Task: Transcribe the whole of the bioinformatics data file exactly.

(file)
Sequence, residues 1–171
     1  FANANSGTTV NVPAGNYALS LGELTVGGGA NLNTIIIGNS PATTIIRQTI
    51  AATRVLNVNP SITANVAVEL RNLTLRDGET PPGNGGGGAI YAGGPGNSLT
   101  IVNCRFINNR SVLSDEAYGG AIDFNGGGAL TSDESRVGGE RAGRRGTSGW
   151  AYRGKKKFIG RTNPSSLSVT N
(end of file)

Sequence, residues 1–171
     1  FANANSGTTV NVPAGNYALS LGELTVGGGA NLNTIIIGNS PATTIIRQTI
    51  AATRVLNVNP SITANVAVEL RNLTLRDGET PPGNGGGGAI YAGGPGNSLT
   101  IVNCRFINNR SVLSDEAYGG AIDFNGGGAL TSDESRVGGE RAGRRGTSGW
   151  AYRGKKKFIG RTNPSSLSVT N